Social Media - Friend or Foe?

I’ll admit it - this is a conflicting topic for me. As part of our original business plan we intended to offer social media management for marine businesses. It seemed logical that we could help businesses circulate the content that we were already producing for them, especially those that don’t have a consistent presence on social media or may not be following the current best practices. 

It’s time consuming to maintain and hard to justify hiring an additional employee or adding onto the workload of an existing one to manage it. Add to that the fact that there are several platforms to use, all of which are constantly changing their algorithms and rapidly growing in the noise level (competition), and it makes perfect sense as to why the social media feeds for most marine businesses are quiet. 

So, if we see a gap, why did we eventually decided to steer away from social media management? 


Software is starting to automate the social media management process quickly and easily. Platforms like Buffer (highly recommended!) can help you set up weeks of posts across platforms in a short amount of time. This process can/will be done by VAs or bots without needing any sort of relationship with or deep understanding of your business. 


There are many social platforms to use, each with their own tips and tricks, varying user base, and algorithms. No one really knows the best day, time, or amount of posts to put up, and it takes a lot of trial and error to decide what works best for each business. There is no such thing as a social media “expert” – the technology changes rapidly and without warning, and it’s all about finding the time to learn and practice the trends as they come and go.

Social Customer Care

Offering interesting and engaging content should inspire the audience to interact in some way by asking questions, answering a call to action, or sharing it with friends. The business should be there immediately to get involved in the conversation, responding to both negative and positive feedback.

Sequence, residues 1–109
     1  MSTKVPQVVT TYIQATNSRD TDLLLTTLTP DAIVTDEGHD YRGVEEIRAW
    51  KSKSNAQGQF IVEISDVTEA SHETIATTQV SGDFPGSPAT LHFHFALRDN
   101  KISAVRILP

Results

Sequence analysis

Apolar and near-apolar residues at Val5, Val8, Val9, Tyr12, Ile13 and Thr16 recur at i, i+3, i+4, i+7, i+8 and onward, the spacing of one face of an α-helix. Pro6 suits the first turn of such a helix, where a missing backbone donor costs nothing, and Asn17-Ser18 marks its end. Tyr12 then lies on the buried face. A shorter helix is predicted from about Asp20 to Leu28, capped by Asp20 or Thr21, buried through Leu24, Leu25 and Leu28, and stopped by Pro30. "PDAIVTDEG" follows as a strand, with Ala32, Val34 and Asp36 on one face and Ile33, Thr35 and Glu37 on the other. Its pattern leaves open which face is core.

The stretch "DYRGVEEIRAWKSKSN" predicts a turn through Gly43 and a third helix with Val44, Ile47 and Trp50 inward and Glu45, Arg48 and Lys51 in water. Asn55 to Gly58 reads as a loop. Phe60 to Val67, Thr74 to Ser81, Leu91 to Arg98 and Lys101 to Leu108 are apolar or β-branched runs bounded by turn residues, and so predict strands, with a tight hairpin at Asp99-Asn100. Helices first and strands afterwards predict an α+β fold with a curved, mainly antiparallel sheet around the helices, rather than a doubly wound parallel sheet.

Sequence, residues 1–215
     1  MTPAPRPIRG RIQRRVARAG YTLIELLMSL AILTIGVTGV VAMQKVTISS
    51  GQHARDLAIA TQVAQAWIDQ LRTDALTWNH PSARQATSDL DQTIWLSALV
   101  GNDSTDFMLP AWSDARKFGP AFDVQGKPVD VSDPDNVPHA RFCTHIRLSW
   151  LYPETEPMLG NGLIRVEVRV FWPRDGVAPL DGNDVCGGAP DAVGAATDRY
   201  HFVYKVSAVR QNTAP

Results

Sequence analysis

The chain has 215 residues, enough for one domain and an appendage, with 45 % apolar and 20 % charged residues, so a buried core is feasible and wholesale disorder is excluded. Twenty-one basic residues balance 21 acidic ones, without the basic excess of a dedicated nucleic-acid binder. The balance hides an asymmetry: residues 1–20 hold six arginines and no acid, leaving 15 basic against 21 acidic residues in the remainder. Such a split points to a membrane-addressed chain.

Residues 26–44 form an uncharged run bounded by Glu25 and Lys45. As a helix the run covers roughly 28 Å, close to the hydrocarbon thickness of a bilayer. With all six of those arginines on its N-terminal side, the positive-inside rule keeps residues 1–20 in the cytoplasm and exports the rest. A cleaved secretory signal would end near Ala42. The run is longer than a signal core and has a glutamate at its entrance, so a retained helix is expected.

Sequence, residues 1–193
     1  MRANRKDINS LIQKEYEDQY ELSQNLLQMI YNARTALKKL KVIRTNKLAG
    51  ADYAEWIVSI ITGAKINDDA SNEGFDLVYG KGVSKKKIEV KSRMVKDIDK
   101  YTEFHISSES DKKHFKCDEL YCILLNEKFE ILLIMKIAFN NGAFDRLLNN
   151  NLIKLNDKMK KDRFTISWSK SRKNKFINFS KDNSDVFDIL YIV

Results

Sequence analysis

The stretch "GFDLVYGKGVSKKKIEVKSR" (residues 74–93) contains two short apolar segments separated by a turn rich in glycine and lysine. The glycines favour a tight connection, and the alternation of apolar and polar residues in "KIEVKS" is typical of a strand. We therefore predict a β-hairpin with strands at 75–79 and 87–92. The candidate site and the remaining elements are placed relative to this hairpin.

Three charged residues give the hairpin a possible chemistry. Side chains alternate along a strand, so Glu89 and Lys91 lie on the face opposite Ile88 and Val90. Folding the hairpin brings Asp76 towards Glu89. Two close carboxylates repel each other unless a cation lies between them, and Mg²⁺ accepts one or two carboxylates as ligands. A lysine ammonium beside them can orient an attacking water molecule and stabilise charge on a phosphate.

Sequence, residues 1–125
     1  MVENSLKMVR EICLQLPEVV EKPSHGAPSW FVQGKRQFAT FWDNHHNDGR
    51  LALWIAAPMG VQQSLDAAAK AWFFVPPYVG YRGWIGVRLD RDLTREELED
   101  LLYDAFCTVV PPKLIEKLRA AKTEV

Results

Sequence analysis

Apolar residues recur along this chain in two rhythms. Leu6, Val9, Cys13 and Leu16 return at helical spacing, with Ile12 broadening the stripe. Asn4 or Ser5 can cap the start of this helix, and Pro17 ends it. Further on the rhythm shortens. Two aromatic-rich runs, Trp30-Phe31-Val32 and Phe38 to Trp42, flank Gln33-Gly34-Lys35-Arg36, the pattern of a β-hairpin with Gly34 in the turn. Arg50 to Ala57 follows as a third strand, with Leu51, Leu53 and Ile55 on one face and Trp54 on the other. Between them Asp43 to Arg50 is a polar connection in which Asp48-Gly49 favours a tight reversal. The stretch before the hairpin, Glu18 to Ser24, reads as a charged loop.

This responsibility is called social customer care and lies solely with the business. Sprout Social has a great article on this topic that explains more about what your business should be prepared for when interacting on social. There really is no substitute or shortcut for this important piece of the social puzzle.


Social media is fleeting. What you post today will be forgotten tomorrow… or more likely in 5 minutes. One of the goals of social media marketing is to offer enough value and intrigue to move a potential customer to your website (and eventually, you). Your website is yours. You own it and have complete control over what happens there. 

If Facebook falls over tomorrow, you will ideally have a solid base of potential and existing customers who still love visiting your website for the latest updates, news, blog posts, product videos, photos, and so on. This ownership of exciting content that provides infinite value is exactly why we’ve chosen to focus solely on creating it.  

With all of that said, I do believe social media is a fantastic marketing tool. It’s where people are spending their time and attention, and it’s where we design our content to be shared. Ultimately we’ve chosen to put our energy into creating content that ignites interest and excitement for marine businesses. 

What’s your opinion on social media management? Do you prefer to outsource to a knowledgeable team, assign it to a current employee(s), manage it yourself, or is it not even a current priority? We’d love to know your thoughts!